Marivonne R. Essex, "The Red Headed Lawyer"
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Posted October 2nd, 2017 | by The Red Headed Lawyer

Transcription below: I’m Marivonne Essex and I’m the Red Headed Lawyer and I want to talk to you today about some common misconceptions that I see people speak to me about when they come in to talk about situations, legal situations with their family, with divorces, with child custody, that kind of thing. The most

Posted September 22nd, 2015 | by The Red Headed Lawyer

Divorce isn’t easy. Typically, it’s a long, emotional and drawn out time in your life that you never imagined would be a part of your story. While we all agree that getting a divorce isn’t easy – there are several ways that we can make the divorce process easier. Communicate with your Ex Sounds crazy,

Posted May 22nd, 2013 | by The Red Headed Lawyer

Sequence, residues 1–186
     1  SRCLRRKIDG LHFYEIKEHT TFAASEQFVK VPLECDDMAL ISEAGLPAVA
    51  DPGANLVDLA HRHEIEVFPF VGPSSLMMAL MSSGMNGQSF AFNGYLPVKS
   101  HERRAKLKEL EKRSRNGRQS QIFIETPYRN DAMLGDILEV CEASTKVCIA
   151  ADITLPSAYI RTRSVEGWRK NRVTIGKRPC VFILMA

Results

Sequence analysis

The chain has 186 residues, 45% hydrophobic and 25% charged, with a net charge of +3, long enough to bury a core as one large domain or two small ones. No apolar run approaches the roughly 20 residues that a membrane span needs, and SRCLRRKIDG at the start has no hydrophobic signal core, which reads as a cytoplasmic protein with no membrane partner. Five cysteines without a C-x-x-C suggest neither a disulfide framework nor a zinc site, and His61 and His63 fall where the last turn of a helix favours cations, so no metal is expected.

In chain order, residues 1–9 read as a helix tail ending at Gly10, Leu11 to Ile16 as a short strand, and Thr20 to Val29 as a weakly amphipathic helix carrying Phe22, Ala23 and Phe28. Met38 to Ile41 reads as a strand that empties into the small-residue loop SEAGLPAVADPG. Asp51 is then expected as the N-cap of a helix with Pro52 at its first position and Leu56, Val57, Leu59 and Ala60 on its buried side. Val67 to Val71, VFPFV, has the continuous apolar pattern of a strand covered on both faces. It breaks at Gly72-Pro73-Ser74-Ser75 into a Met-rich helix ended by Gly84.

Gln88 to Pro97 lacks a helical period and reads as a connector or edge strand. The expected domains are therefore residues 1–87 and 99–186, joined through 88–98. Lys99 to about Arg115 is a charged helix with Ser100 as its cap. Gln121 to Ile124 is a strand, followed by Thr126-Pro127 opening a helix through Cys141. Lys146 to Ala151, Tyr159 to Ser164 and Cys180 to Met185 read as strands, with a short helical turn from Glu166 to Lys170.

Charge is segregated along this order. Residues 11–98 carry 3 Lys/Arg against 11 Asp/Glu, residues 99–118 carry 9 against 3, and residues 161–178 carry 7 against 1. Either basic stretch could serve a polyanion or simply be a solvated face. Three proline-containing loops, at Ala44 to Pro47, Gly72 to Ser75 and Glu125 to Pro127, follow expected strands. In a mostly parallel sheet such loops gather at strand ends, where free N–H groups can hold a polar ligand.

Sometimes in the aftermath of a divorce, spouses can get so caught up in their own quarrel that they don’t realize what chaotic situation they are putting their children in. After all, hearing both parents constantly degrade one another is sure to impact the child’s views on both parents. For children, they can sometimes get

Posted May 3rd, 2013 | by The Red Headed Lawyer

No matter how much you and the other parent try to resolve disputes in a mature fashion, it is a good possibility that the two of you aren’t going to completely agree on everything. It is imperative that these disagreements are handled in a productive fashion. Ideally, these matters can be resolved without the direct

Posted March 20th, 2013 | by The Red Headed Lawyer

“Alienation” is becoming a frequent topic for family law attorneys. If you are not familiar with the term (as applied to family law), the best way to describe it is brainwashing. One parent “alienates” the child from the other parent by repeatedly and deliberately telling the child “bad” things about the absent parent. Telling the

Posted February 8th, 2013 | by The Red Headed Lawyer

First, it is important to understand that a judge in Texas deciding divorce issues is a state court judge. A claim for the dependency exemption for a child for federal income tax purposes is a federal issue. Federal trumps state, so the divorce judge cannot decide who gets the dependency exemption. The parents, however, can